Mukhtar Mai is a shy Pakistani woman with such extraordinary courage that she was named Glamour‘s Woman of the Year, one of Asia’s Heros by Time, and last week was honored by the United Nations. Most importantly, her unprecedented action after being raped by a gang of men in her village to settle a score against her brother in the public’s mind, has led to the transformation of the culture of justice and education for her entire village.

In 2002, a tribal council in rural Meerwala ordered the rape of Mai, after her brother was accused of being with a girl from a rival tribe, and as a solution to “restoring the family’s honor.” Instead of being cowed by traditional strictures under which she was expected to commit suicide out of shame, Ms. Mukhtar, with the support of her father and family, her Imam, and some journalists, decided to press charges. In a country where the vast majority of rapes go unpunished, Mai fought her case all the way to the nation’s highest court and, in a decision that rocked Pakistan, the perpetrators were found guilty. . .

After receiving an award from the Pakistani Government of 500,000 rupees, Ms. Mukhtar, instead of fleeing, returned to the village in which she had experienced such pain to establish a school that now educates 300 girls and 200 boys, and a crisis center that advises women and girls threatened by childhood marriage and other practices.

For her audience at the UN, the soft-spoken woman explained through an interpreter why educating children was important in the fight for woman’s rights. “When [I was pursuing justice], the uneducated people tried to stop me and the educated people supported me.  So I realized education was crucial,”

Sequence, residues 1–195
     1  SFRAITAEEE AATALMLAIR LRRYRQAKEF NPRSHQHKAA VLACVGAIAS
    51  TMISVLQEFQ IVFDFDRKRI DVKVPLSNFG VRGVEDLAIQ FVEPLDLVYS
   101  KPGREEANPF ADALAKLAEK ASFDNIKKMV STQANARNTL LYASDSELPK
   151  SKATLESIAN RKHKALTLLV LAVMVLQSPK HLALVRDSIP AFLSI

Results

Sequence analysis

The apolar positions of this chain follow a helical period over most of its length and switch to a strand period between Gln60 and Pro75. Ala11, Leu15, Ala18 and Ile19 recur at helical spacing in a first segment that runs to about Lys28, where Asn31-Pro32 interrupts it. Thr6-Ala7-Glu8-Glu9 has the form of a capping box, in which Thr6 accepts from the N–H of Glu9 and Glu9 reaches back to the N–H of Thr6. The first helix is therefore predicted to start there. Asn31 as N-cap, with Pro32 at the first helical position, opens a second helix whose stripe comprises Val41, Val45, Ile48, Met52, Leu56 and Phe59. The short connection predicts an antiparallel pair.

“My slogan is: ‘End oppression with education,’” she added, noting that after her efforts in her rural village, attitudes there have changed quite dramatically.

Under-Secretary-General Tharoor, a native of India, recognized the scale of that accomplishment: “As someone who comes from a country that has also struggled to find ways to end the often brutal practices of our traditional pasts, I can assure you that the obstacles that Ms. Mukhtar Mai and her fellow Pakistanis face are not small, and that hers is no small achievement,” he said. “I think it is fair to say that anyone who has the moral courage and internal strength to turn such a brutal attack into a weapon to defend others in a similar position, is a hero indeed.

In October, Glamour magazine awarded Mai a check for $20,000, and readers of a New York Times article in 2005 were so moved they sent nearly $100,000.  Mai said she’d donate money to help the female victim’s of Pakistan’s recent earthquake and the rest would be used to set up a hotline and shelter for women in Pakistan who want to escape abusive relationships or to recover from the trauma of rape.

She aired a message on CNN to all the women of the world who have been raped or brutalized in any way: “No matter what, they must talk about it and they must fight for justice.”

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